That's the upshot of yesterday's 6-1 ruling by the Colorado Supreme Court upholding a tax-rate freeze championed by Gov. Bill Ritter and passed by the 2007 legislature.
For those of you outside Colorado, here's this convoluted story in a nutshell.
The 1992 constitutional amendment known as the Taxpayer's Bill of Rights requires, among other things, a vote of the people before approving "any new tax, tax rate increase, mill levy [property tax hike] above that for the prior year -- or a tax policy change directly causing a net revenue gain to any district."
Another provision of TABOR -- the one that drives liberals really crazy -- requires the government to issue tax refunds if revenues grow faster than inflation plus population growth. Residents of individual school districts can elect to forgo reductions in property tax rates that would be mandated by TABOR, again by popular vote. Since 1995, 174 of the 178 school districts in Colorado have voted to "de-Bruce," a process named after TABOR author Douglas Bruce.
But four haven't; in fact, their residents had voted no in elections to de-Bruce. But when Ritter and the legislature moved in 2007 to freeze mill-levy rates across the state, suspending scheduled tax-rate reductions, that move delivered an extra $117 million to state coffers immediately, and over time would bring many million more to the state in higher taxes that no voters approved. Moreover, as the Independence Institute's Jon Caldara pointed out last year, that $117 million didn't go to fund education at the local level; it was diverted to the state's General Fund to close a short-term budget deficit.
The Mesa County Commission, the Independence Institute and several other taxpayer groups filed suit in court, calling the tax freeze an unconstitutional tax policy change that lacked voter approval -- and they won in Denver District Court. (Trying to track down that opinion, which seems to have disappeared from the Web.)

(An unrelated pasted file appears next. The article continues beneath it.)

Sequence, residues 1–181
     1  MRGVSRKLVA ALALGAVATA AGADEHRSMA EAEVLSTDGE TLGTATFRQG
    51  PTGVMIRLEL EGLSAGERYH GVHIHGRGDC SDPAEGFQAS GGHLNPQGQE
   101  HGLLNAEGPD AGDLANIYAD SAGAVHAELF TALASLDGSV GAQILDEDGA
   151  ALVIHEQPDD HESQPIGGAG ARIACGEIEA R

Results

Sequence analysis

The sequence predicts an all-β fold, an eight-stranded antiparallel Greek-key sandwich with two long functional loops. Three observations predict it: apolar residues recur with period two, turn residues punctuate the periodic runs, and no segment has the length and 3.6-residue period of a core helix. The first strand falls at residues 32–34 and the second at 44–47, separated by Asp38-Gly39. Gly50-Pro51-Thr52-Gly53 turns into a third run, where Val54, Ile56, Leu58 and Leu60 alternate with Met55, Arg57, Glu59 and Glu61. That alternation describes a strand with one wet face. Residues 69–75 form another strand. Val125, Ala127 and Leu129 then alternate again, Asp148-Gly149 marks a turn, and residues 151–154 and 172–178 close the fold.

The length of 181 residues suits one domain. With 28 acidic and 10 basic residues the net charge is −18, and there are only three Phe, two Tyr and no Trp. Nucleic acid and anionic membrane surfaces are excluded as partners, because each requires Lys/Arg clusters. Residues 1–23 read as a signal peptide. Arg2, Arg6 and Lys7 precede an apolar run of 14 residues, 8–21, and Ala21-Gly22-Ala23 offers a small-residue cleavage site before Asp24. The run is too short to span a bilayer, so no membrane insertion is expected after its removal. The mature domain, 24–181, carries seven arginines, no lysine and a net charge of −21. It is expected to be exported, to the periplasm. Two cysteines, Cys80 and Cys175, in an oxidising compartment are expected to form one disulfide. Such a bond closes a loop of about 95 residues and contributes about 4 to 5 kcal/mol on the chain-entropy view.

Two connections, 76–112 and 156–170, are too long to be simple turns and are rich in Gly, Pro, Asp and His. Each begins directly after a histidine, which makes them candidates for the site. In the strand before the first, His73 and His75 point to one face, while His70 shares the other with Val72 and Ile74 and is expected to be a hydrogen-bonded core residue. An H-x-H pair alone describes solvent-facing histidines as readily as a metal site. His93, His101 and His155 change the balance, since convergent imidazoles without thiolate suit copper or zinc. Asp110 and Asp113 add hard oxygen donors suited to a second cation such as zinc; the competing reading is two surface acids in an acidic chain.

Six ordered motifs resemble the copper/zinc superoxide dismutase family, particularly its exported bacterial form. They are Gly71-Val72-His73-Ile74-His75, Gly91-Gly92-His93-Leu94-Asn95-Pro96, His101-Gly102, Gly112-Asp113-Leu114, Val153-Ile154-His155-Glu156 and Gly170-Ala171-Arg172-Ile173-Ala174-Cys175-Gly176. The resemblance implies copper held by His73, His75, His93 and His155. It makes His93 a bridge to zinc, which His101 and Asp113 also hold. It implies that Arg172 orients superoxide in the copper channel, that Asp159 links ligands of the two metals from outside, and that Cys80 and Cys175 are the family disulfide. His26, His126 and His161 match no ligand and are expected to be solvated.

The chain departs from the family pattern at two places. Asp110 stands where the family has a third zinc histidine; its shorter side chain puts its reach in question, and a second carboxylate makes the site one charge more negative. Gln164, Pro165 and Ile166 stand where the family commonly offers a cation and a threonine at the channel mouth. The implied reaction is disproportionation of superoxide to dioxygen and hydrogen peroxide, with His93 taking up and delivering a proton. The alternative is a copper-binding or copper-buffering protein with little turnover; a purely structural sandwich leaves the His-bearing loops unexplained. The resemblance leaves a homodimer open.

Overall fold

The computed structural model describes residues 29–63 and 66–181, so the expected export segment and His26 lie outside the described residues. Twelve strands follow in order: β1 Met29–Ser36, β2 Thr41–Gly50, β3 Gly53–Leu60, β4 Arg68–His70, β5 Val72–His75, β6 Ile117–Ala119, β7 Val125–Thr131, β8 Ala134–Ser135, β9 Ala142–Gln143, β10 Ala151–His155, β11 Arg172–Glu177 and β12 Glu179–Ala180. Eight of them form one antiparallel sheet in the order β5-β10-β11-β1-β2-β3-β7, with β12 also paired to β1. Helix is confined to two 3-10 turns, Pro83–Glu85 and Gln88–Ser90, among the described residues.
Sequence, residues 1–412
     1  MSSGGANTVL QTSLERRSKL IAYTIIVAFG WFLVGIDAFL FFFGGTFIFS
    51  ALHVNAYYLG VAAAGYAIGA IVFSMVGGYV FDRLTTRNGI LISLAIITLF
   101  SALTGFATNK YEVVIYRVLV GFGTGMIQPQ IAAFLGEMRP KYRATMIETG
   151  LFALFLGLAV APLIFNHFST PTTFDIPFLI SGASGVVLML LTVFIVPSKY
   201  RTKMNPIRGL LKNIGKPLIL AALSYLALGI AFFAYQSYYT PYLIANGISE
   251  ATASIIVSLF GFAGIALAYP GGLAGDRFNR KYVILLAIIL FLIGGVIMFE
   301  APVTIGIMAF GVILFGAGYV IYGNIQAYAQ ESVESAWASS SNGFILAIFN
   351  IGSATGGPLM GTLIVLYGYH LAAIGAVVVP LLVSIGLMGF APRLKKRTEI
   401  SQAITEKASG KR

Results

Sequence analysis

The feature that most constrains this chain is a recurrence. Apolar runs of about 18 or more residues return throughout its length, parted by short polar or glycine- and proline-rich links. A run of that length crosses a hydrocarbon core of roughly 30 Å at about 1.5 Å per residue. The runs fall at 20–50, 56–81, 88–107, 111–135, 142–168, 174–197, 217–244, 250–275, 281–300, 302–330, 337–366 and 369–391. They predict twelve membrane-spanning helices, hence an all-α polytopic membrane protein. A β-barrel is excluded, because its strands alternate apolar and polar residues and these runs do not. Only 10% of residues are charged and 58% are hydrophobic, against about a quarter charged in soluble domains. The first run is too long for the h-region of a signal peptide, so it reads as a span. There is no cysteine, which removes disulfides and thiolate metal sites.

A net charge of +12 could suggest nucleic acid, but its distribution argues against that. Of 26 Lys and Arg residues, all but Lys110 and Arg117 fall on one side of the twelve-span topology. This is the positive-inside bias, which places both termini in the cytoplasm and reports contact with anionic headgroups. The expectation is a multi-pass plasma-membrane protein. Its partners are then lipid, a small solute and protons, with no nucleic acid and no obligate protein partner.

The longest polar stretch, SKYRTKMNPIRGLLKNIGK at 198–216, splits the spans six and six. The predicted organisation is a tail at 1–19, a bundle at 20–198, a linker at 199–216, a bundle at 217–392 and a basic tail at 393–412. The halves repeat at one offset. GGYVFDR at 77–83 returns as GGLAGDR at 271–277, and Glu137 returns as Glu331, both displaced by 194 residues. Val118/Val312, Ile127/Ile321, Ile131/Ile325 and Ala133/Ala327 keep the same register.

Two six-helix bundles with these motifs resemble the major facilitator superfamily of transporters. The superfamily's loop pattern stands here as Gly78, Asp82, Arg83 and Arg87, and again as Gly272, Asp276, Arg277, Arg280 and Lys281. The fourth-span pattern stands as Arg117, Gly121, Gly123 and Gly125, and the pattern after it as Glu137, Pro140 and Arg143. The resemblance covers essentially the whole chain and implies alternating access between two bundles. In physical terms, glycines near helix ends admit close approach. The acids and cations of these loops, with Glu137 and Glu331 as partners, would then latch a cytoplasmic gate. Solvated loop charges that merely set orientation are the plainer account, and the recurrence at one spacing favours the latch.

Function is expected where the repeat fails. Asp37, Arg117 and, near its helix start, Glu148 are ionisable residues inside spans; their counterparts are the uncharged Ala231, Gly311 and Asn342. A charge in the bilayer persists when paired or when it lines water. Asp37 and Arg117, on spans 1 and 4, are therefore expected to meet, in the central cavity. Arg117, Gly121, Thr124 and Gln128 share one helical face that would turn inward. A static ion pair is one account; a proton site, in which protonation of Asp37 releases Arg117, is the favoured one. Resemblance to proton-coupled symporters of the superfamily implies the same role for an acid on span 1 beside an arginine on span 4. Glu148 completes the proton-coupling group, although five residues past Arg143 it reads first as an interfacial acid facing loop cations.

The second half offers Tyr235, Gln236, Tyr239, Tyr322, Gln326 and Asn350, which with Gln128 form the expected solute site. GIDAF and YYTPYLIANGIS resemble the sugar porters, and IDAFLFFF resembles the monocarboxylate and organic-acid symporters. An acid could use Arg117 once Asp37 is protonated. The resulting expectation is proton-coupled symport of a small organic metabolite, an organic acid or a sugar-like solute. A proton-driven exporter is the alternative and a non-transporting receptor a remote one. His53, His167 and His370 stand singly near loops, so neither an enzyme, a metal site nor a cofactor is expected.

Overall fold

But the state Supreme Court reversed the lower court ruling, saying the legislation was not a tax policy change but instead an extension of the de-Brucing election most of the other districts had approved.
My former boss Vincent Carroll, now at The Denver Post, nails it:
The audacity of the court’s claim is breathtaking. There is not one voter in this state who consciously approved the freezing of mill levy rates yesterday, today, and some day in the future when residential property values rebound and start to accelerate skyward again — not one who heard that issue debated at a local election. To the contrary, many were explicitly told their votes would have no impact on future taxes.
Voters merely agreed to forgo any surplus collected by their districts under the existing system, which did not foresee frozen rates.
Critics of the court say a gang of unelected judges are rewriting the state constitution because they disagree with the policy preferences of voters. (Where have we heard that before?)
All I know is, as someone who values separation of powers and government that's played by the rules, it looks like a good time to leave Colorado.
UPDATE: The District Court opinion, by Judge Christine Habas, is available through the Attorney General's Web site. Colorado AG John Suthers thought the law was unconstitutional, btw, and issued his own opinion about it in 2007 here.